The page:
The May 2011 IEP also described the student's present levels of performance, indicating that the student demonstrated needs related to listening comprehension and decoding (Dist. Ex. 1 at pp. 3-4).  Although the May 2011 IEP does not contain annual goals to address these specific needs, the record shows that the student had demonstrated through prior assessments that decoding may be a relative strength for her (Tr. pp. 98-99; Dist. Exs. 1 at p. 3; 7 at pp. 2-3, 7-11).  The student's goals for speech-language therapy and counseling include several short term objectives that could address the student's listening comprehension needs (Dist. Ex. 1 at pp. 7-8).  To address the student's distractibility, which impacts her listening comprehension skills, the May 2011 IEP recommended the use of teacher prompts and cues, graphic organizers and rephrasing directions (id. at p. 3).  Thus, overall, the evidence in the hearing record supports a finding that the annual goals and short term objectives set forth in the May 2011 IEP targeted and appropriately addressed the student's identified areas of need (see, e.g., N.S. v. New York City Dep't of Educ., 2014 WL 2722967, at *9 [S.D.N.Y. June 16, 2014]; B.K. v. New York City Dep't of Educ., 12 F. Supp. 3d 343, 359-63 [E.D.N.Y. 2014]; D.A.B. v. New York City Dep't of Educ., 973 F. Supp. 2d 344, 359-61 [S.D.N.Y. 2013]; J.L. v. City Sch. Dist. of New York, 2013 WL 625064, at *13 [S.D.N.Y. Feb. 20, 2013]).

2. Transition Plan

            The IDEA—to the extent appropriate for each individual student—requires that an IEP must focus on providing instruction and experiences that enables the student to prepare for later post-school activities, including postsecondary education, employment, and independent living (20 U.S.C. § 1401 [34][A]; see Educ. Law § 4401[9]; 34 CFR 300.43; 8 NYCRR 200.1 [fff]).  Transition services must be "based on the individual child's needs, taking into account the child's strengths, preferences, and interests" and must include "instruction, related services, community experiences, the development of employment and other post-school adult living objectives, and, when appropriate, acquisition of daily living skills and functional vocational evaluation" (20 U.S.C. § 1401 [34][B]-[C]; 8 NYCRR 200.1 [fff]).  Accordingly, pursuant to federal law, an IEP for a student who is at least 16 years of age (15 under State regulations) must include appropriate measurable postsecondary goals based upon age appropriate transition assessments related to training, education, employment, and, if appropriate, independent living skills (20 U.S.C. § 1414 [d][1][A][viii]; 34 CFR 300.320[b]; 8 NYCRR 200.4 [d][2][ix]).  It must also include the transition services needed to assist the student in reaching those goals (id.).

            The hearing record does not support the parent's contention that the May 2011 IEP contained an inadequate transition plan.  A review of the May 2011 IEP coordinated set of transition activities shows that the transition plan incorporated the required areas of instruction, community experiences, the development of employment and other post-school adult living objectives, and the acquisition of daily living skills (Dist. Ex. 1 at pp. 15-16).  In this case, the long-term adult outcomes outlined in the transition plan provided that the student would integrate into the community with support, attend a vocational training program, live independently with support, and be employed with maximum support (id. at p. 15).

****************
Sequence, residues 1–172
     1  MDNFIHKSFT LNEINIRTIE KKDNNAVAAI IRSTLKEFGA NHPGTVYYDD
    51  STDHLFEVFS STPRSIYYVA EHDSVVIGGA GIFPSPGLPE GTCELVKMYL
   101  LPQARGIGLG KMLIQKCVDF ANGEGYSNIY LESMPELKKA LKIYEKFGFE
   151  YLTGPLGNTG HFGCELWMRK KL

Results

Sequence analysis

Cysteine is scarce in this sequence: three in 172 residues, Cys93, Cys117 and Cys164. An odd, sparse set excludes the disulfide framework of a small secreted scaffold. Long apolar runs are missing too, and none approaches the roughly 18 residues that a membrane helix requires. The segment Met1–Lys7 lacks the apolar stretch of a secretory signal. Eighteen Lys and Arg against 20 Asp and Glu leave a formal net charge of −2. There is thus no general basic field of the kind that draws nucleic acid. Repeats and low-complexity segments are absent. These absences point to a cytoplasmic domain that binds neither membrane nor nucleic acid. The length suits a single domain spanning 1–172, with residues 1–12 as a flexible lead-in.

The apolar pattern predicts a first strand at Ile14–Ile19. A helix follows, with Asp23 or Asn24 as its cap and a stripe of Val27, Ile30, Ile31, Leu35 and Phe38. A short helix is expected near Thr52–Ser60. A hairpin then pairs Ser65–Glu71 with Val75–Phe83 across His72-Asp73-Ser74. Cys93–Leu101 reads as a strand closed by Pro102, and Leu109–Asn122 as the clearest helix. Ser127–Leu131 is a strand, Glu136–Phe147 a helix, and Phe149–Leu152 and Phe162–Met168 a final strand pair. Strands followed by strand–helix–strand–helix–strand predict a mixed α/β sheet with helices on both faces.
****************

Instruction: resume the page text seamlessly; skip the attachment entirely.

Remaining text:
Consistent with regulatory mandates, the student's transition plan also indicated that the student's instructional activities included participating in an instructional program that supported future vocational plans and independent living (Dist. Ex. 1 at p. 15).  In the area of community integration, the transition plan indicated that the student would participate in community service activities that would help identify strengths and areas of interest, and that she would learn about community agencies and their functions (id.).  Post high school services included exploring vocational training options, take steps needed to apply to a future program with support, to identify jobs that involve working with children such as a teacher's assistant, and identify what she would need to do to achieve that goal (id.).  In the area of independent living, the student was to learn about shopping, budgeting and household management, to identify living settings for post high school such as a group facility, learn about SSI and working with a budget, and continue with travel training (id. at p. 16).  Additionally, the May 2011 IEP indicated that the parent, the school, and the student would share responsibility for the student meeting her transition services goals and objectives (id. at p. 15-16).